|Publication number||US7982798 B2|
|Application number||US 11/437,357|
|Publication date||Jul 19, 2011|
|Filing date||May 19, 2006|
|Priority date||Sep 8, 2005|
|Also published as||US8446525, US20070052845, US20110249179|
|Publication number||11437357, 437357, US 7982798 B2, US 7982798B2, US-B2-7982798, US7982798 B2, US7982798B2|
|Inventors||Dale Richard Adams|
|Original Assignee||Silicon Image, Inc.|
|Export Citation||BiBTeX, EndNote, RefMan|
|Patent Citations (74), Non-Patent Citations (35), Referenced by (17), Classifications (13), Legal Events (6)|
|External Links: USPTO, USPTO Assignment, Espacenet|
This Application claims the benefit of U.S. Provisional Application No. 60/715,711, entitled “Source Adaptive Video Deinterlacer” by Dale Adams filed on Sep. 8, 2005, which is incorporated by reference.
Deinterlacing is an art that involves converting interlaced video fields into non-interlaced video frames. Deinterlacing is required because most modern televisions are inherently progressive and the video feed is broadcasted in interlaced form.
There are three common techniques to deinterlace an interlaced video feed. One of these techniques is known as vertical interpolation. Vertical interpolation involves averaging at least two scan lines to generate a new scan line. The technique is repeated for all scan lines and creates a full frame from a single video field. While vertical interpolation allows a progressive picture to be generated from one video field, half of the resolution of the video feed is lost.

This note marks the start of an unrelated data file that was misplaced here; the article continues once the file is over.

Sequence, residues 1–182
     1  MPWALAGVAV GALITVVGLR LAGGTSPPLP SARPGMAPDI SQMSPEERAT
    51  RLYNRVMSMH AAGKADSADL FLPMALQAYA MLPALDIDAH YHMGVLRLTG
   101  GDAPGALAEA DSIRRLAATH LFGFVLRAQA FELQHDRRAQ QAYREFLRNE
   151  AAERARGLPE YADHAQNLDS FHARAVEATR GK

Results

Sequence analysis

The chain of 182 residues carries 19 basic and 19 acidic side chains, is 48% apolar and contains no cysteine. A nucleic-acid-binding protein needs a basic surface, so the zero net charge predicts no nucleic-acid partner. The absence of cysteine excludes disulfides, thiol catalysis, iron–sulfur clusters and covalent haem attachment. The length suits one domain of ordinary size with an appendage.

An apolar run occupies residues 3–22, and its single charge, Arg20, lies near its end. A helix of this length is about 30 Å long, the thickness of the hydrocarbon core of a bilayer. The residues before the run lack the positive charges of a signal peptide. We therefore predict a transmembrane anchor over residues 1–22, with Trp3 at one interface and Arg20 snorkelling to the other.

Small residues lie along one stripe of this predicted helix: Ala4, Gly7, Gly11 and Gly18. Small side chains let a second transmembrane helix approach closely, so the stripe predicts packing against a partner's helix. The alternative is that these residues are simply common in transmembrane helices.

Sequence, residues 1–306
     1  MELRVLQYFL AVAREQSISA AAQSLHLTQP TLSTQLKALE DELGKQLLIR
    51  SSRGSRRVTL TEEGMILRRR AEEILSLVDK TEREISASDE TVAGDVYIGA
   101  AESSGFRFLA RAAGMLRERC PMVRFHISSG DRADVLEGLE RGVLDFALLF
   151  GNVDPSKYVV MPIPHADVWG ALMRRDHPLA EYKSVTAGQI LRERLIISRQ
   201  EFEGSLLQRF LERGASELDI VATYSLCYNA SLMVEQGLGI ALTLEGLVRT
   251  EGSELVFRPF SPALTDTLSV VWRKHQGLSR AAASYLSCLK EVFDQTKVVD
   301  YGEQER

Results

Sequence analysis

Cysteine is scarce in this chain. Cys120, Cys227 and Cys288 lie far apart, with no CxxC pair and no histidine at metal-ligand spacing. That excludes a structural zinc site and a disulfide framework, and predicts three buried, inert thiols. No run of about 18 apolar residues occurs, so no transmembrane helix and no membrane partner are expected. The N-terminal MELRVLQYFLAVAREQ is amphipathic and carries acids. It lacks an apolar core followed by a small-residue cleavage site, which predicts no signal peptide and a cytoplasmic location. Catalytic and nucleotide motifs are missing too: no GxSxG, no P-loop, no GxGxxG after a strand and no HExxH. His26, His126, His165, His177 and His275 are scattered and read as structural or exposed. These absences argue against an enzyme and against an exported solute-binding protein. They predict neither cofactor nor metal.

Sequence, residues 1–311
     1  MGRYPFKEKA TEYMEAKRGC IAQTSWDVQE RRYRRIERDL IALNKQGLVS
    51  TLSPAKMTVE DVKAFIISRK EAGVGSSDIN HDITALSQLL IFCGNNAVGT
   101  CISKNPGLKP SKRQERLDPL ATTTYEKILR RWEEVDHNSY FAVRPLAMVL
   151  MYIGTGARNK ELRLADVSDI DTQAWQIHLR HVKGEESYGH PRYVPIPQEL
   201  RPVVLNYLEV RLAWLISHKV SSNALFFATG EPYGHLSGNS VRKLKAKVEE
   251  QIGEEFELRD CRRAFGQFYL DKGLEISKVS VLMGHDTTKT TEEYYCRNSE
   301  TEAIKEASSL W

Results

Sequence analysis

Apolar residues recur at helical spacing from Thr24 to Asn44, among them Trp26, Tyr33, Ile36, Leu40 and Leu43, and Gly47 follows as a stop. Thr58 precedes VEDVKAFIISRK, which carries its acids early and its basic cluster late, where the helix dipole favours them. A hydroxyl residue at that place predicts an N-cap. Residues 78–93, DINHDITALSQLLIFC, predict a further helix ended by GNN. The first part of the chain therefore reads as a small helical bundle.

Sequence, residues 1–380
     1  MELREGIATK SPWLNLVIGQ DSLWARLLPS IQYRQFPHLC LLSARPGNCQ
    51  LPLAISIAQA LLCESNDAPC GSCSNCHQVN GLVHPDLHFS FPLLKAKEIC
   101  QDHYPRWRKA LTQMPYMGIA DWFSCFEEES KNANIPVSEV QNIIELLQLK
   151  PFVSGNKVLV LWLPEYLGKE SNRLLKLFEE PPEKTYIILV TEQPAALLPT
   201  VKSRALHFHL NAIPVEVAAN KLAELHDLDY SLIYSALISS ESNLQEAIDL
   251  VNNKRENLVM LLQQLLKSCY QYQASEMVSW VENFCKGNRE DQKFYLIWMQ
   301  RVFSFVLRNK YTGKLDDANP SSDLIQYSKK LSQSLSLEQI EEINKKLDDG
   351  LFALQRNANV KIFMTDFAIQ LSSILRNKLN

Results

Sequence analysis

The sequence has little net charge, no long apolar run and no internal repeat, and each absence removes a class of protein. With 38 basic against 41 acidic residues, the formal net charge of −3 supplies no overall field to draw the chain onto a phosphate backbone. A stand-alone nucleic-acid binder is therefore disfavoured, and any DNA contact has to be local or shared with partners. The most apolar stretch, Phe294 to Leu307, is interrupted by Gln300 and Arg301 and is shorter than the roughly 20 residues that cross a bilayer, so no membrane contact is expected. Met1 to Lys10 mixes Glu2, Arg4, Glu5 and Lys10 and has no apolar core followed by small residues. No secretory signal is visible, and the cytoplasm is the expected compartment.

Another deinterlacing technique is “weaving.” Weaving involves merging a video field containing odd scan lines with a subsequent field containing even scan lines. The two fields are combined to generate a single progressive frame. Weaving is beneficial because it preserves the full resolution of the video feed. However, if motion is present, weaving results in motion artifacts because the two fields are not temporally aligned.
A third technique is known as motion adaptive deinterlacing. Motion adaptive is a combination of the vertical interpolation technique and the weaving technique. Motion-adaptive techniques make a pixel-by-pixel determination as to whether motion is present in the local area of the pixel. If motion is detected, then vertical interpolation is used. If no motion is detected, the weaving technique is used. However, when new pixels are calculated from a single field, jagged edges on objects result. Often, the jagged edges are caused by aliasing in the single field since using only every other line does not provide a vertical sampling frequency that is high enough to meet the Nyquist rate. Hence, aliases are present in the single field which are caused by the low vertical sampling rate. These aliases result in unnatural looking, jagged object edges.